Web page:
R. v. Dingwell
From Ad IDEM / CMLA
The CBC and Guardian newspaper applied to the Supreme Court of Prince Edward Island to have access to audio recordings of 911 calls, video and audio tapes of three statements made by the accused and a police video of the crime scene, all of which were being used in evidence in the second degree murder trial of the accused. After applying the Dagenais-Mentuck test Justice Mitchell ordered copies of the 911 calls and the accused's video-taped statements to police to be released to the media. Mitchell J. placed restrictions on the use of the crime scene videotape, citing privacy interests of the innocent.
Justice Mitchell cites the Supreme Court of Canada decision in Canadian Broadcasting Corp. v. The Queen, 2011 S.C.C. 3, as the basis for determining access to exhibits. In referring to the 911 calls, Mitchell J. states at para. 18:
I can see no danger to the proper administration of justice in releasing these tapes to the media. No one’s rights appear to be adversely affected by its release. Copies of those tapes shall be released to the media.
With respect to releasing the police video of the crime scene to the media, Mitchell J. discusses the privacy interests of the other residents of the home where the crime took place, as well as the privacy interests of the next door neighbours. Mitchell J., in para. 21, orders the release of the video, but restricts its use:
1. Only those portions of the video which show the crime scene; to wit, front yard, area around the cars, front steps, front entry, landing by the front stairs, front hallway, kitchen, dining room and living room may be broadcast/published.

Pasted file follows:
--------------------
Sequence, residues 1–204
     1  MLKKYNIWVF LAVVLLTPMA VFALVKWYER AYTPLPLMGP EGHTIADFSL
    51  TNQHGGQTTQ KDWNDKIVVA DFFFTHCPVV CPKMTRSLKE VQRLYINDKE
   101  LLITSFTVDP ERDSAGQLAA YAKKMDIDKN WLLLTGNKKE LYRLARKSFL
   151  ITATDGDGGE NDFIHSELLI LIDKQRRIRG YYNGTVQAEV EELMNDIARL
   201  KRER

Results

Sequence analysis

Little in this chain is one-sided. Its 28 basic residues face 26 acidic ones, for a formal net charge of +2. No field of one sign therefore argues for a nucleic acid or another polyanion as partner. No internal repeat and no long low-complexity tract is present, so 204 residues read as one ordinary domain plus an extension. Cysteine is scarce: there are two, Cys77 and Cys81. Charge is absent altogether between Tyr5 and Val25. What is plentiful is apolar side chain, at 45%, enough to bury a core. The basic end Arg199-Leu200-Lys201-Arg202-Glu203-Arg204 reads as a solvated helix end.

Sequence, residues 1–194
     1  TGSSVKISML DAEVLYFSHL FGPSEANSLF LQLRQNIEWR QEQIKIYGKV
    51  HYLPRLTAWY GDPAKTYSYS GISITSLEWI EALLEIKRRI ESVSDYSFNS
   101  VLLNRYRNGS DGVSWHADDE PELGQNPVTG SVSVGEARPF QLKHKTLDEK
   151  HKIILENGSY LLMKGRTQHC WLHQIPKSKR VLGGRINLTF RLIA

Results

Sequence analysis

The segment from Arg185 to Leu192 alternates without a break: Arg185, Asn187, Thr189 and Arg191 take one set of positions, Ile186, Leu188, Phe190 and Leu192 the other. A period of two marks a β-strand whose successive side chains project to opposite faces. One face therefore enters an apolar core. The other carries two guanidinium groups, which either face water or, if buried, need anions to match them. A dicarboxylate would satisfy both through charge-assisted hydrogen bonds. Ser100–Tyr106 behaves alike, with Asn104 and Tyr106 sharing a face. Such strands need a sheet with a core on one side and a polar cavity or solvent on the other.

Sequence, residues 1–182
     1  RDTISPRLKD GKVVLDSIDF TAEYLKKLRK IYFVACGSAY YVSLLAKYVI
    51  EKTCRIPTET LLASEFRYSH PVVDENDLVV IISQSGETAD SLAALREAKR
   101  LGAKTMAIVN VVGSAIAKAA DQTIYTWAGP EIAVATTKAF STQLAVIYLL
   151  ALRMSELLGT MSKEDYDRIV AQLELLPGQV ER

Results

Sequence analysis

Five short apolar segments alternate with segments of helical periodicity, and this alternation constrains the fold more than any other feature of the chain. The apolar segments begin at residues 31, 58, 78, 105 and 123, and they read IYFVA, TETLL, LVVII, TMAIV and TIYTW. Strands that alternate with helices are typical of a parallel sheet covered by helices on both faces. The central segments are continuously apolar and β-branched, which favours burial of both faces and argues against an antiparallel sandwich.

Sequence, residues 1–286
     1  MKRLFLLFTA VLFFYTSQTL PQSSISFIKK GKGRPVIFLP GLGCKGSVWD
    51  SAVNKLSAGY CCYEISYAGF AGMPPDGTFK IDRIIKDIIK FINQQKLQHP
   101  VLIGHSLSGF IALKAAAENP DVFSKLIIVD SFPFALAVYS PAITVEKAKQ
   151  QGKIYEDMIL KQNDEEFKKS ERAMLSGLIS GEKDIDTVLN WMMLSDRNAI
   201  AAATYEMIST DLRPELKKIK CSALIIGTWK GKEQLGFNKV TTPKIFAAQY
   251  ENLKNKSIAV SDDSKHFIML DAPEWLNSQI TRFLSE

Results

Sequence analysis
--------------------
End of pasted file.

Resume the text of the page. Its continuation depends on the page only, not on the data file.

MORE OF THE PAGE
2. For greater certainty, the video showing the second floor, the back yard and side yard are not to be broadcast.
On the issue of the release of the video statements made by the accused, Mitchell J. raises questions regarding the deleterious effect such a release might have on future cases, even though the Crown did not raise any concerns about their release:
 I cannot help but wonder what effect publication of this statement will have on future cases. Will not defence counsel advise their clients of their right to remain silent, how to exercise that right, and the fact that should they fail to exercise the right to remain silent, they’re likely to end up on television for all to see? Will it be more difficult for police to get statements and hence more difficult to solve crimes? Will this adversely affect the administration of justice?
Mitchell J. concludes, at para. 30, with instructions on how the media should make future requests for trial exhibits:
Should the media in the future wish copies of trial exhibits, in my view, theproper course would be to approach the Court, Crown and Defence. The Crown should be able to advise the Court whether there are other interests at stake. If none, and the Court can see no impediment to a media release, an exhibit will be released once it is tendered. There may well be occasions where the Court will put conditions on the release and in fact, this is one of those cases where the videotape was released on condition that the media show only those parts of the tape which were relevant to the crime and did not breach the privacy interests of the neighbours.